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AIjMAJTAO for today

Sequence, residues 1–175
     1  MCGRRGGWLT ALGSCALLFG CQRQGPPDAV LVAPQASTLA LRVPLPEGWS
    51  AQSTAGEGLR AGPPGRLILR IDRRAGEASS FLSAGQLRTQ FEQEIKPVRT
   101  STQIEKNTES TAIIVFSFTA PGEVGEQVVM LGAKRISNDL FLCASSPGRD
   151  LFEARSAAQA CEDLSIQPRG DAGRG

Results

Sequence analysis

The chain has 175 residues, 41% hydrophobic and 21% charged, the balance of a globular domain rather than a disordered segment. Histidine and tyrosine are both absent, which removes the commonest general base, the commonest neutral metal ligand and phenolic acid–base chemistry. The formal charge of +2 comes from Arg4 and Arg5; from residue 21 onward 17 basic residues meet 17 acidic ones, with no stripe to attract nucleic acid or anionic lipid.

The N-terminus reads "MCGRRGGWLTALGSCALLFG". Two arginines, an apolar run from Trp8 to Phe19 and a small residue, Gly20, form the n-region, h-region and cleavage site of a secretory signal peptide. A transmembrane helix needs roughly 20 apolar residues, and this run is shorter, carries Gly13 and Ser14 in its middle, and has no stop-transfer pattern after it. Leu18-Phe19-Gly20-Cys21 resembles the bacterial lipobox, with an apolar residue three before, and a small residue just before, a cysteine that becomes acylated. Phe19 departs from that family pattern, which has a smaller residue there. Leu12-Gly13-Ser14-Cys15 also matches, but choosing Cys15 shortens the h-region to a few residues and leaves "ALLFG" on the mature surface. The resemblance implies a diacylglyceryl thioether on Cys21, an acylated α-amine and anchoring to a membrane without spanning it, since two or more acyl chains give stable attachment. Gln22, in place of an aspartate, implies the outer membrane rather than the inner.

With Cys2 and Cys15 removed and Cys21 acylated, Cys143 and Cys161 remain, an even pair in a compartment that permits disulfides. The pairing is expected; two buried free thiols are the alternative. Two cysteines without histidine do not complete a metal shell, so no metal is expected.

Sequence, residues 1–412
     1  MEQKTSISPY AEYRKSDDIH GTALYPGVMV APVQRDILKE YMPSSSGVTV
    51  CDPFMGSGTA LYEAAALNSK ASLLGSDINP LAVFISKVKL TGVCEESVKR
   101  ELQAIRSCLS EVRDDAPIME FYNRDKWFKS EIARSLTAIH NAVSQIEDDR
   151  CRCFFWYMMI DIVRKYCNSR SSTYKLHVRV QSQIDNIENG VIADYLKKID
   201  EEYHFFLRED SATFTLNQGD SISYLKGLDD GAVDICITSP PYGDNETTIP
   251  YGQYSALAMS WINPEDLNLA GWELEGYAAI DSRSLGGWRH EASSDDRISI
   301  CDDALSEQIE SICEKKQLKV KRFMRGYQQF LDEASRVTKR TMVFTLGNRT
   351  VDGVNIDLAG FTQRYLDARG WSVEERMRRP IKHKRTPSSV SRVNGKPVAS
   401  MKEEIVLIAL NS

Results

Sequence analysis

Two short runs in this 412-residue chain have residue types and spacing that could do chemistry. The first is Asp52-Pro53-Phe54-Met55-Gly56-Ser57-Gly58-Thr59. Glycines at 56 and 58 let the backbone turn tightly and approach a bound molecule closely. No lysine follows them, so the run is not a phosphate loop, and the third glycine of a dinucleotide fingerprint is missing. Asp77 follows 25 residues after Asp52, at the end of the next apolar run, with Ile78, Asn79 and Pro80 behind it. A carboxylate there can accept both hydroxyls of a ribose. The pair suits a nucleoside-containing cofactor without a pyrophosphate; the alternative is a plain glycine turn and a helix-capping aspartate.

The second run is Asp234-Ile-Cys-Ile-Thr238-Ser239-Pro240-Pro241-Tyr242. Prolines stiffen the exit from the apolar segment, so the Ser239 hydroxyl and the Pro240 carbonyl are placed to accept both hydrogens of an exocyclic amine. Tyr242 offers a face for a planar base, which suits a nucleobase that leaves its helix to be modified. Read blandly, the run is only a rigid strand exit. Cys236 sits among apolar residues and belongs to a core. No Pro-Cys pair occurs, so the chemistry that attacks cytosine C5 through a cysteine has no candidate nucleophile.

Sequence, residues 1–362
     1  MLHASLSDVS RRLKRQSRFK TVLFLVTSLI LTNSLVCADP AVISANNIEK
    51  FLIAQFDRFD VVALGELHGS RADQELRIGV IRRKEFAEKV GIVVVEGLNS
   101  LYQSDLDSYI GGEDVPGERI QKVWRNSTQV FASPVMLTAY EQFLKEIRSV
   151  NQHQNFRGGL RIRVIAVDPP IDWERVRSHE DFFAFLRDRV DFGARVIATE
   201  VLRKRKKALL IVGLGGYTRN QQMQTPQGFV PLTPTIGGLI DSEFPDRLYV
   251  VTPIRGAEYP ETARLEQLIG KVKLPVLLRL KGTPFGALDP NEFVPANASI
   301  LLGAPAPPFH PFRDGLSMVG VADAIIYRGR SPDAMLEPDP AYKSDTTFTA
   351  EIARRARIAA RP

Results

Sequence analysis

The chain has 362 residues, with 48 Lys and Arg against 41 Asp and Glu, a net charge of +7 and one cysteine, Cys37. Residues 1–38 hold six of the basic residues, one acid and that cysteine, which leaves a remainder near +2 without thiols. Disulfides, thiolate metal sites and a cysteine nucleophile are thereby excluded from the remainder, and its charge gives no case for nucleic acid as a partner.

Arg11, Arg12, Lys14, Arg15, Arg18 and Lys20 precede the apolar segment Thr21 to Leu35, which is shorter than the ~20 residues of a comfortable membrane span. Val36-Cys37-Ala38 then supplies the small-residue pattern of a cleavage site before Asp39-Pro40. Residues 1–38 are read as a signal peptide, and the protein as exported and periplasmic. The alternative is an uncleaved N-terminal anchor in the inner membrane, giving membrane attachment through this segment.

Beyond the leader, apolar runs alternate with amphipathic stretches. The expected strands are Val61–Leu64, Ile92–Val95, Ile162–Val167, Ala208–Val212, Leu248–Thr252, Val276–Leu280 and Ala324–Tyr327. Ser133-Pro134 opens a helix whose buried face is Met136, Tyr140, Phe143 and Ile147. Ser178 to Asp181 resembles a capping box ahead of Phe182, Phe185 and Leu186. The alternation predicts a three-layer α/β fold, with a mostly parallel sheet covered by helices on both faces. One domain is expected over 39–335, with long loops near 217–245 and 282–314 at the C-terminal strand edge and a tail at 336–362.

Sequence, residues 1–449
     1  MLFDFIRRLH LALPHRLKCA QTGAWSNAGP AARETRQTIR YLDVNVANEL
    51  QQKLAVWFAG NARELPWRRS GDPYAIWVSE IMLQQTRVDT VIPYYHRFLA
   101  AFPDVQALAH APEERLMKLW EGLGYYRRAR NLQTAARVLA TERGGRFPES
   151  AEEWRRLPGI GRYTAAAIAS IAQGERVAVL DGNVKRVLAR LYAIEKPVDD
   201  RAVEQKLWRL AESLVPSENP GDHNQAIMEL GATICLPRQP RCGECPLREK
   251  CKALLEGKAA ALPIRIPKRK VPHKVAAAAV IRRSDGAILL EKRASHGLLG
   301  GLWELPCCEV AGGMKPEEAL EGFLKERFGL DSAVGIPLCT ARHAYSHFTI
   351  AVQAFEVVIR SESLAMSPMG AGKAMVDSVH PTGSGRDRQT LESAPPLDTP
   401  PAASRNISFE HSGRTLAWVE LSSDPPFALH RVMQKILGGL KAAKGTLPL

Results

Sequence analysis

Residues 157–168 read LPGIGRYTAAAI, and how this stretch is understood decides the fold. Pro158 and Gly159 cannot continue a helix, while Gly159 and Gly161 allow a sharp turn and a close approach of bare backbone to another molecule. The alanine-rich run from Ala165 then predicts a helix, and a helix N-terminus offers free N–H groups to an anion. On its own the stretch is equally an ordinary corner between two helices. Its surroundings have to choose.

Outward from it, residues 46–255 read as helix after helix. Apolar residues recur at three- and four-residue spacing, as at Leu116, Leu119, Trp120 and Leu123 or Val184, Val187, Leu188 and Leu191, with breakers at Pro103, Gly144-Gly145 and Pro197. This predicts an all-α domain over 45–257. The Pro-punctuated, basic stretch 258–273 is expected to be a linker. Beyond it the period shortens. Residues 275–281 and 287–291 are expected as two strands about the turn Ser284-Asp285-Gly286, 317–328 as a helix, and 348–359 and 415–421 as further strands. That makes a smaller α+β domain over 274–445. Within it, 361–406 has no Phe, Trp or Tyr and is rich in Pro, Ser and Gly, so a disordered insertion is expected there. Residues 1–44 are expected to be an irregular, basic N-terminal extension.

The Weather Report Bridgeport and vicinity: Generally cloudy with light rain tonight and Thursday. VOL. 55 NO. .19 EST. 1790 ft Announcement Made in Of ficial Statement of the Proceedings. STILL CONSIDERING RUSSIAN SITUATION ;New Zealand Premier is Present With Council for Short Time. Paris, Jan. tt. The Supreme Coun cil of tha Peace conference ithifl morn ilrur considered the Polish question and I decided to eend a mission to Poland. ! This announcement was made in the t official statement of the proceedings of the conference. ,A, proposal from President Wilson '.regarding the .Russian question will (bo discussed, this afternoon, the state jinent added. When the Supreme Council met this morning there were present, in addi tion to ail the members of the coun cil, Marshal Foch, the Allied com-rnaniler-in-chief. General Weygand, his chief of staff, and (Rear Admiral Hope, doputy first sea lord of the j Jlritiah Admiralty Board. It was as- Ieumel from the presence of these military and naval officers that the 0-dusslan situation on the Baltic and i on the land front was discussed. The Council continued the formula jtion of Its concrete proposal on the 'Russian situation. W. F. Massey, the premier of New I Zealand, "was present with the Coun cil for a short time. (kntlnued on Page Five) CONTINUE CASE OF HOLDUP MEN Adam Frankovitch of 32 Huron street and George Korvac of 85 Bum Imerfleld avenue, both charged with iVobbery had their cases continued by ; Judge Frank C. Wilder in City court this morning until Friday, January i ,24. Bonds were fixed at $500 in each I case. The two were arrested at their j riomes last night in connection with i the holdup and robbery of John Levitinovitch of 68 White street, last I Saturday night. Both of the accused have confess- ed to the robbery but state that In stead of obtaining $17 as claimed by X,evitlnovitch they only succeeded in i getting $1 and a few pennies for their ' trouble. i , Soldier Breaks i Prazon's Skull Two Held for Brutal As sault Upon Man in Pres ence of His Wife. Private Daniel Taspick and Steven Fornick, both of 800 Pembroke street, charged with assault with in tent to kill, had their cases continued by Judge Frank C. Wilder in city court this morning, until Friday, Jan uary 24, and are being held in bonds of $2,500 each. Their victim, Louis Prazona, of 26 crescent place, lies at aeatn s aoor in the Bridgeport hospital with a frac- ture of the skull, bruises about the head and body, and in a weakened condition. Kcpons irom me nospuai at a late hour today indicate, he is not ' expected to live. The assault took place on East i Main streot last night, while Prazona, with his wife, was on his way home i from a shopping trip. In the vicinity. 'SOLiDXJeiR BRKAMS t ' The three men are said to have tfceen celebrating tthe return of I'as jilck from Camp revens, yesterday Bftemoon, when they got into a heat d argument over the condition of the old country, arising from the war. The argument became eo heated that the proprietor of the saloon In which 'they staged their wordy war ordered 'Ahem from the place. 1 The police state that Taspick ami Cornicle both watched the home of iSrasona and when h left the house - hey Intercepted him on Jiiat Main trcet, with the Intention ot heating 'jitm up. Witnesses to the assault state that .Taspick struck the first blow, knock ing Praxona's hat from his head, and 'that when hn stooped to pick It up, .Fornlok kicked: him in the side of the head, Indicting the wound which caused the fracture ot the skull, which may prove fatal. '. Yaspiok previous to being Inducted . Into the army "had been In trouble -ivlth the local police several times. In) Srlii ., mm UnfkUVr BTwJ Entered as second class matter at the post office at Bridgeport, Conn., under the act of 1879 . Workingmen Virtually Control City Of Bremen They Have Occupied Barracks and Town Hall and Posted Guns In Market Place and Public Build ingsGeneral Strike Proclaimed at Remscheid Amsterdam, Jan. 22 The city of Bremen is virtually in the hands of the workingmen, according to a despatch to the Ber lin Ijokal-Anzeiger from the German seaport. The werking men have occupied the harracks, the town hall, the telephone office and the banks and have posted machine guns in the market place and in public buildings. The soldiers in the barracks were disarmed by the work ers. A general strike has been proclaimed at Remscheid as a protest against the killing of Dr. Karl Liebknecht and Rosa Lux emburg, a Barmen despatch states. The factories have been closed and traffic stopped. Copenhagen, Jan. 22. -Jt is reported unofficially from Berlin that 519 dele- Smites had been elected to the Na tional Assembly from 28 districts up to five o'cloclc Tuesday afternoon. They were distriblted as follows: Ma jority Socialists, 132; German (Demo crats, 68; Centrists, 57; German Na tional party, 28; Independent Social ists, 22; German People's party, 14; scattering, 8. Officials Consider Means Of Enforcing Prohibition Revenue Agents Assert Preparations Being Made to Manufacture Liquor Illegally After Measure Goes Into Effect Already Small Stills Have Been Found. Washington, Jan. 22 Means July 1 are under consideration of Justice and the Intsrnal Bureau, but steps to create a special enforcement agency will hot time to act on pending legislation giving this function to the revenue bureau. (Continued on Page Three) WILL THIS HAPPEN ILL THEY REBEL? Strange Tale That Republi men Aldermen Have a Mind to Rebuke Mayor. If Mayor Clifford B. Wilson can In duce the Board of Aldermen to ap prove of his plan for a merger of several city departments, John A. Leonard, president of the Board of Kire Commissioners will become commissioner of Public Safety, and j in direct charge o the fire and police department8 ot the city. j whcn the mavor this year re.ap. Dnfn,.rt .1nhn x stanlev Dresident of the Board of Police Commissioners, he did so with the full knowledge that Mr. Stanley was a sore spot in the minds of the majority of Republi can leaders. Desiring to show that ho cared not for criticism, the mayor reappointed Mr. Stanley. There Is solid foundation for the :: r.ior going the rounds of Mr. Leon ard's appointment as Commissioner of Public Safety. Mayor Wilson will then have eliminated the sore spot Mr. Stanley but he will have done It in such a manner as to show every- : one that his power of appointment ' and dismissal is -mi pre me. ; But there Is one thing that Mayor j Wilson is likely to find as big as the j Hock of Gibraltar In hio wayN Will j the Board of Aldermen approve of! his plan to merge various city de- partmenis? It is said by these who ought to know, that the mayor's communication stands a fair chance of going into the waste basket at the special meeting of the aldermen to be held next Monday night. It is whispared there are enough Kepubli-j John Agustus Hubbard. both of can aldermen disapproving the plan j Greenwich, on ground of intolerable to defeat the measure, as it is taken j cruelty. The wife asks for alimony for granted that every Democratic j and the custody of three children. Al-mcmlhi- wlil vote "nay" when the j fred. age 14r Kmily, age IS, and Wil question is put ' , ' liam, age ,11. Copenhagen, Tuesday, Jan. 51. Partial reports from the elections in lower Bavaria and upper Phalz show that the Bavarian People's party won five seats, the Majority Socialists two and the peasant alliance two. In Schleswte-Holstein and Lrabeck, the Majorilty Socialists won five seats and the German Democrats three. The Independent Socialists and the Chris tian People's party, formerly the Cen trists, failed.' to win a single seat. of enforcing prohibition after by officials of the Department be taken until congress has had THIS ENOCH ALSO RETURNED AGAIN Married a Second Time Mrs. Bodo Finds First Spouse Lives Undivorced. Claiming that she was deceived by her present husband, Steve Bodo, Maria Bodo of Bridgeport, is asking annulment of her marriage to Steve, now of parts unknown. She was married to one Martin in April, 1916, but was told by Boda that her first husband Was dead. Up on this information she married Boda on November 19, 1918, and four days later discovered that Martin was very much alive, whereupon the dua wife left her second husband. John Mlchalowskl of Bridgeport wants an absolute divorce from Leo- Kama Michalowski of Chicago, on the grounds of an alleged adultery com mitted with Wladyslow Dembski on January 1, 1918. Alleging desertion, Elizabeth Beau-j cage of Bridgeport, formerly Eliza-! beth Sequin, seeks a dif orce from her husband, Peter Beaucage, at present a soldier at Camp Upton. The cou- ' pie were-married April 12. 1910. and : the wife claims to have been desert- ; ed March 22. 1913. She also wants the custody of her daughter, Helen,1 age 6 years. ! Adel O'oermeyer, nee Kunbel, of Bridgeport, has filed a petition for divorce asainst her husband, Alexan-. der Obermeyer, formerly of Hungary, now of parts unknown. Insertion is alleged to have existed since Sep tember 6. 1899. The couple were marr.ed Octor ., 1S9S. Another divorce Is desired by Bes ! sle S. Wilson, nee Hubhard. from and Evening Fanner BRIDGEPORT, CONN., WEDNESDAY, M CLAIM POLES PROVOKED GERMANS Germany Replies to British Note Says Posen in State of Upheaval. GERMANS HAVE ASKED FOR HELP Future of German Eastern Frontiers Depends on Peace Conference. Amsterdam, Jan. Z2 In a reply to a British note requesting the Ger man government to refrain from fur ther provocation of the Polish pop ulation in East and West Prussia, Posen and Silesia, the German gov ernment, according to a despatch from Berlin, expresses agreement with Great Britain that the future of the German eastern frontiers de pends upon the Peace Conference. The German note expresses surprise at the request to refrain from provo cation and says the request "can only be attributed to the fact that the British government is inadequately informed of events in the east." The German note declares that Germany has done everything to re dress Polish grievances and accuses the Poles of continually provoking the Germans. It says Posen is in a state of upheaval and that the Ger man population has appealed for help to the German government which has been forced to take militarj measures to restor law and or der. The note asserts that while the German government has refrained from action against Polish nationals who planned and committed trea son and revolt," it cannot "suffer ambitious imperialism to reign su preme Events in upper Silesia, the Ger man note contends, have nothing in common with national questions and regarding East Prussia there can be no talk of a national Polish move Fment there. The note conludes: "All measures of the German gov ernment since the conclusion of the armistice have only served to carry out the prescriptions of the treaty toward unjustifiable Polish attempts to bring the Polish question to a head before the Peace Conference." WILL NOT RAISE TAX. Washington, Jan. 22 Taxes on amusement admissions will not be increased by the war revenue bill. The conferees ajjreed today to rescind their previous decision to increase the rate from 10 to 20 per cent. URGE PEOPLE TO HAVE OWN HOMES The Department of Labor is inau gurating a campaign to encourage the working men of Bridgeport to own their own homes, and the . Chamber '.' . , . plan to encourage the working peo- pie to have homes which are their I own property. George Crawford, at the meeting of the directors of the Chamber of Com merce last evening, suggested the ap pointment of a committee to form some plan for aiding in the purchase of homes by people in moderate cir cumstances. The proposed commit tee will consist of an architect, a real estate man. a member of the Build ers' exchange and a financier. STANDING BT THK HIGH sheriff; . His deputies won't, so who can serve papers in civil process upon Simeon E. Peas?, most august hig-h sheriff of Fairfield county, and dominant political leader In the same territory? Solomon Padeeich, attorney for Joseph Marshall. this momlnir he will prcjare affidavits showing that the deputies love the high sheriff too dearly to annoy him with papers, and the said Bad- esch declares he will have ser vice made by an Indifferent per- son. The irheriff Is naltlpp. Marshal claim" damaees because Stonewall Cauldwell. colored, eut him with a Taz':r, lt hci'ne; aliened t fhn k,ti, n-we fnmutrfi or 11.0 - 1 Salt th.it the negro hronalit in wli!skev.drak h.and become bad The whiskey and the badness, and hence the rawr, cash were products. Marshall claimsiof the neglect of the high sheriff. ( JAN. 22, 1919 Irish Rep Aldermen Resent Seeming Slight By Mayor Wilson Were Not Consulted As Custom Required on Program for Extensive Charter Changes Walsh's Election As Speaker Has Ghostly Result in Form of Fears, Shiv erings and Premonitions. Republican aldermen are mighty peeved with Mayor Clif ford B. Wilson. His honor has slighted his adherents and in addition broken a precedent that has long been established and expected by common councils in this city. While nothing that can be termed a split in the Republican organization in Bridge port is intimated, it can be stated on good authority that Mayor Clifford Wilson is fast slipping from the high pedestal on Which he had been placed by the aldermen. In addition to this the mayor is for the first time in his somewhat spectacular career, experiencing the sensation of waning political power anad fe-els it. Mayor Wilson has plucked from the atmosphere an idea, or at least he has premonition, that James J. Walsh, speaker of the House in the General Assembly, will be the next Republican candidate for governor and that an up-state man will be named as his running mate for the office of lieutenant-governor. The antagonistic feeling toward the mayor expressed by Republican al dermen dates back to the last meet ing of the Common Council on Mon day night. When a communication from the mayor was read, in which he asked for a merger of the police and fire and health and charities de partments, and changes in the board f education, it was the first intima tion that Republican aldermen had, that the mayor not only had a cora- Declares Packing Firms Dominate Meat Industry Senator Kendrick Asserts These Firms Have Power to Commit All Abuse With Which They Are Charged Very Desirable to Bring About An Open Market. Denver, Colo., Jan. 22 The the United States were declared ing, here today, to have such a and the distributing markets that they have the power "to com mit all the abuses with which they are charged, and more," regardless of whether there is an actual combination in that their representatives meet regularly to gree on prices. The senator, addressing the Amen- can national live stock association convention, described a bill which he introduced to regulate the meat in dustry, and said it ought to be possi ble to bring about a free market that .'would make it .possible for both pro v WOMAN FALLING DIES ON STREET Mrs. Hardy Finds Body of Unknown Person Dead in Pool of Blood. The body of a woman, face down ward in a pool of blood, was discov. ered bv Mrs. A. Hardy, of 176 Park street, at 9 o'clock, last night, in the neighborhood of her home. The identity of the dead woman is unde- termlned. She was perhaps of Po- l!sh nativity, about 40 years or age and wore a reddish grey overcoat, black skirt, gingham apron, black waist ,a small black hat, and a black silk handkerchief around her neck. The woman had been seen wan dering In a vacant lot in an Intoxi cated condition. ' ; Medical Examiner Dr. S. M. Gar- j lick, after viewing the body at theihich Yale University may confer city "morgue, at Mullins, Scott & Red- Jionorary degrees at Yale-In-China, gate's establishment. Golden Hill Members received rtotice that a street, stated that there was no In- meeting would be held to arrange for dication of violence, and that In fall- observance of the centennial of the ing the woman had evidently hit her tleneral Assembly on Muy 7. head on the curb, receiving a frac ture .of the skull, which caused her death almost Immediately. In spite of the efforts of the po 'ce and the Catholic clergy, no one -as yet been located who can iden ify the" woman. Subscription rates by mall: Dally J6.00 per year. One month. Dally 60 cents. ITS Fairfield Ave.. Bridgeport ublic Chooses Its elevates To Pe munication of any kind to he brought before the board, but that he con templated a change in any of the aforementioned departments. It has always been the custom, not only of Mayor Wilson, but of others, of presenting a communication that was to be read at a regular meeting of the board of aldermen, to the members of the board the same po litical faith as the mayor assembled in caucus. At this caucus the subject would be gone over thoroughly and action to be taken at the open meet ing of the aldermen would be dis cussed. On Monday night Mayor Wilson failed to follow this precedent and as a result he has raised the ire of sev eral Republican leaders in the coun cil, who believe that the mayor's ac tion was a deliberate affront. five big meat packing firms of by Senator Kendrick of Wyom control over both the producing . ducer and packer and consumer to work profitably together. "It is perfectly obvious," he told the convention, "that the packers ab solutely dominate the meat industry of the country." (Continued on Page Three) ASSEMBLY WILL DIRECT WELGOI Committee Will Arrange For Formal Cele bration. Hartford, Jan. 22 Connecticut's formal welcome to its soldiers, sailors and marines who served in the war I may be under direction of the Gen eral Assembly. Today, a joint reso J lution passed the Senate providing ifor appointment of a snecinl commlt- tee to urnrn th ,i.hr.rim i to arrange the Hartford To expedite passage of the soldiers ! and sailors relief fund, to meet with ,in appropriation of 260.000 was pro posed by the governor, the military affairs committee held a hearing this afternoon. Xo objection Is offered to the bill. The Senate received a bill under Somo Republican members of prominence also began arrangements for entertainment In Hartford next (month of National Chairman Will (Hayes. (Senator Klett offersd a bill ta 1 (Continued en. Paste Three) Son rises 7:14 a. m. Sun sets 4:55 p. m. High water 2:59 a. m. Moon rises 11:43 p. m. Low water 10:04 a. jo. PRICE TWO CENTS All Revenues Are To Ba Raised on the Vote of Parliament. TIPPERARY IS MILITARY AREA Ireland's Declaration of In dependence Read to Sinn Fein. Imblin, Jan. 22. According to the provisional constitution of the Irish republic now 'before the "Dail Eire- ann," legislative powers are to bo vested in deputies elected from ex- ; isting parliamentary constituencies. The ministry will consist of a presi dent and four executive officers sec retaries of finance, home affairs, for eign affairs and' national defense. All revenues will be raised: on the vote of . the "Dail Hireann." The -onHn- ' tion may be altered upon seven days' notice. Count Piunkett, Professor Edward! Ie Valera and Arthur Griffith will propably ,he appointed Irish delegates to tne iJeace Congress today. Ireland's declaration of independ ence, read as an "address to free na tions" before the Sinn Fein assembly yesterday, asserted: "Ireland's independence is demand- ' ed. By the freedom of the seas her great harbors will be opened to all nations, instead of being a monopoly to England. Today these harbors are empty, and idle solely because Ire land, irrevocably determined at the dawn of the promised era of self-de termination and liberty that she wtlf " suffer foreign domination no loneer. . calls every free nation to uphold her national claim to complete independ ence as an Irish republic against the arrogant pretentions of England, which were founded on fraud and ; sustained by overwhelming military occupation. She demands to be con- fronted publicly with England at the I congress of nations, that the civilized world, having judged between Eng lish wrong and Irish right, may guarantee Ireland its permanent sup port for the maintenance of national ; independence. The British government has decid ed to proclaim the Tipperary district : a military area in consequence of the i killing of two policemen and the seiz- j ure of blasting explosives which they ; were guarding while it was being j transported to a quarry. The alleged. crime was committed by unknown ; persons who made their escape. Rest Of Coming 304th Replacement and Salvage Co.'s Assigned for Early Convoy. Washington, Jan, 22. Additional organisations assigned to early con- ( voy home, comprising 270 officers and ; 4.S27 men. were announced today by ' the war department. Included in the list are the S?:h regiment. Coast Ar tillery, less Third Battalion, Base ' Hospital Xo. 1.",, 90th and 101th Aero 1 Squadrons: 39th Company transporta tion corps; First and Second Casual companies, Transportation corps; Ce ment Mill compani No. 2, 4 and ; 171'h and 18th Balloon Companies; 109th Field Signal Battalion; 44th Pontoon train, 407th Telegraph Bat- ! talion; Base Hospital N'o. 24, and the following tank corps units; 332ni Battalion, 376th, 377th, 37Sth, 379th, 3S0th, 301st, 307th, 31Sth Replacement, 'and Salvage companies: 304th, 335th, ! 336th and 337th Ba'.ttalions; Casual 'companies A. B and October Auto ,matic Replacement draft. C. OF C. RAISE P.- 0. COMMITTEE Tho committoo to further the pro ject pertaining to tho building of a new post office vas appointed last night by Urarlford 1). Vlerce, presi dent of tho Chamber of Commerce, at the meeting of tho chamber at the Brooklnwn Country club. The committoo consistH of Charles li. 8a n ford, chairman, W. E. 5eeTey, vice chairman, I,ynn W. Wilson, Geo. C. Waldo. Jr., W. B. Uurnham, Archi bald McNeil, Hr., and Charles F. Greene, postmaster. The present Federal building1 la hopelessly Inadequate to accommo date all the offices It contains. The Chamber of Commerce has under taken plans whereby a new post of fice may be built la tha altir. ) 1"